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The Changing Nature of Telecommunications/Information Infrastructure of the information infrastructure in ways that leave open choices of implementing technologies (CSTB, 1994). When government support extends beyond the R&D stage, however, it is important to assess and respond to market feedback. Despite the cautions expressed above, several workshop participants were passionate in their conviction that federal investments in infrastructure-related R&D have been and will continue to be enormously productive. The skepticism expressed on this point by others is in part symptomatic of the broader fiscal context in which federal investment in R&D is being reexamined. Because of changing constraints on government investment, Kahn speculated that the federal government probably could not repeat what it had done in launching the National Research and Education Network (NREN) program, which built on and fueled development of the Internet. That is, although the Clinton administration's National Information Infrastructure (NII) initiative is sometimes perceived as involving both substantial government investment and control, neither is realistic. Kahn posed the question of how the process that resulted in NREN and its successes could be institutionalized as part of the R&D business. The larger question is how the Internet model can be leveraged to advance the NII.5 CROSS-CUTTING ISSUES Although policymakers face choices among various options, some of which can be grouped under the headings of regulation or public investment, several issues cut across policy regimes. Such issues were raised by all three panels and include accommodating rapid technology change, standards and standards-setting, and democratization of the infrastructure. Verveer listed a similar set of issues: interconnection and standards, open entry to the local exchange, universal service, and telephone company integration into adjacent markets. Verveer's last issue relates to the others as a factor affecting timing and direction, because the telephone network (and the cable networks as well) were originally built for efficient delivery of one service—voice communications—whereas the emerging concept of the NII implies an architecture or technical framework that is more general and flexible, and thus more capable of supporting multiple services (CSTB, 1994). Technological changes and standards will be prerequisites; the nature of the technology and architecture, in turn, will affect who benefits from the infrastructure and when, as well as what, policy intervention(s) will be most effective. Accommodating Rapid Technological Changes Rapidly changing technology poses major challenges for infrastructure policy. The rapid shift in the telephone network system from analog to digital switching technology, described by Lucky, was but the first of several waves of change that are transforming, integrating, and adding complexity to the telecommunications/information infrastructure. The rapid change (and uncertainty) is today underscored by the contrasts—previously noted—between the telephone network and the Internet. As Lucky and Kahn explained, these networks involve very different uses of technology and also very different technical architectures, and their cost structures and patterns of use are also very different. Complicating the situation is the fact that existing understanding and models were conditioned on the telephone infrastructure, whereas different technologies and architectures—such as the Internet approach toward networking, wireless transmission, and competition from or interconnection with cable networks—will change many assumptions (e.g., about urban-rural cost differentials). Furthermore, the emphasis on intelligence at the periphery of the network, which is characteristic of the Internet, will have implications for the logic of network operations, its structure,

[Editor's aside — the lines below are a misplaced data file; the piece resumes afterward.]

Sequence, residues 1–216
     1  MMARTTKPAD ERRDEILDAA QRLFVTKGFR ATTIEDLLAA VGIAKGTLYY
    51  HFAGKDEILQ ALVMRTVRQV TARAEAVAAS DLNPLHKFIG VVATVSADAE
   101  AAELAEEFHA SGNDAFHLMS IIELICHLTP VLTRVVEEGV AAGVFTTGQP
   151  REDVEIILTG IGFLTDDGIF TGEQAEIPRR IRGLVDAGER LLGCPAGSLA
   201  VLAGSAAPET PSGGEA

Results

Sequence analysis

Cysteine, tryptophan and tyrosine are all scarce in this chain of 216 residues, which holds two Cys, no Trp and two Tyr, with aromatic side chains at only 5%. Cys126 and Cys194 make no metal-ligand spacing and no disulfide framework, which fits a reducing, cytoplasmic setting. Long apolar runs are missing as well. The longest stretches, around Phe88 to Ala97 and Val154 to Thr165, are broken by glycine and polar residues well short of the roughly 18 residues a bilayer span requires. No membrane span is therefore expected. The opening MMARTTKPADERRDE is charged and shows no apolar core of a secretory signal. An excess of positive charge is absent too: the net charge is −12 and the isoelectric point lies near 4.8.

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The Changing Nature of Telecommunications/Information Infrastructure and especially the types of public infrastructure services that will be in demand in the future. Conversely, the need for peripheral intelligence also highlights problems associated with variations in ability to pay. For example, Pearlman's discussion of conditions in education shows how limited resources for communication outside the traditional public information infrastructure, in this case computers and telecommunications facilities in public schools, constrain the use of public infrastructure to promote educational policy objectives. Both sets of concerns—network operations and affordability—will be affected by decisions about network architecture. The openness of an Internet-style architecture, for example, implies a movement toward the unbundling of network facilities and services, which will, in turn, affect costs, competition, and innovations in both fundamental technologies and the services that build on them (CSTB, 1994). The rapidity of technological change is also reflected—along with a certain amount of media "hype"—in the proposed broadband multimedia applications of the NII. While typical Internet applications (e.g., electronic mail, file transfer) and other narrowband applications are now available with no more than the current twisted-pair telephone connections, implementation of a broadband NII has enormous technical, economic, and policy implications.6 It will require billions of dollars, but so far—some at the workshop asserted—its applications are unproven. The skeptics therefore questioned the wisdom of the pell-mell dash to an advanced-feature NII. In response, Kahn, one of the primary architects of the Internet (via its predecessor, ARPANET), replied that the original plans for ARPANET provoked the same sort of skepticism from the research community, the very user set that initially benefited most from it. The skepticism dissolved only when an ARPANET testbed was available. Kahn asserted that, until a committed user community has developed for the advanced-feature NII, skepticism toward it will remain. He felt strongly that a government-sponsored testbed is the way to develop such a user community. While infrastructure investment discussions typically focus on hardware elements, substantial portions of the emerging telecommunications/information infrastructure consist of software—amounting to billions of dollars of investment. Software will become increasingly important because it is what makes possible the development of common (and differentiated) infrastructural services, which greatly enhance the usefulness of the physical components of the infrastructure. The spur to the growth in Internet usage resulting from the introduction of the Mosaic interface to the World Wide Web illustrates the impact of software. But one often unappreciated problem, noted by Alfred Aho, then of Bellcore, is that substantial amounts of embedded software present a bottleneck to change. Another problem, noted by Baer, is a tax structure that sometimes makes it difficult to reward or encourage investments in developing new kinds of software; for example, federal research and experimentation tax credits in place since 1981 have not always been interpreted to be applicable to software development. The rise of software as a vehicle for adding value to underlying network services has enabled the growth of network-based systems integration. Noam, Breeden, and others remarked on the competition between network service providers and systems integrators. Reflecting on the evolving patterns of competition, several participants speculated about which capabilities and services could or would be regarded as commodities and what commoditization may mean for technology development and deployment as well as the evolution of the industry. The criticisms leveled at regulation during the Panel 2 session reflected an appreciation for the association between past regulation and the relatively slow innovation and modernization in telecommunications. Part of the problem is a human one, the difficulty faced by regulators trying to decide which technologies are preferable. Observed Crandall, [T]he technology is changing so quickly in this area and the number of players is so potentially large that trying to use regulation as the instrument for inducing investment in infrastructure is fraught with enormous dangers. Even if regulation could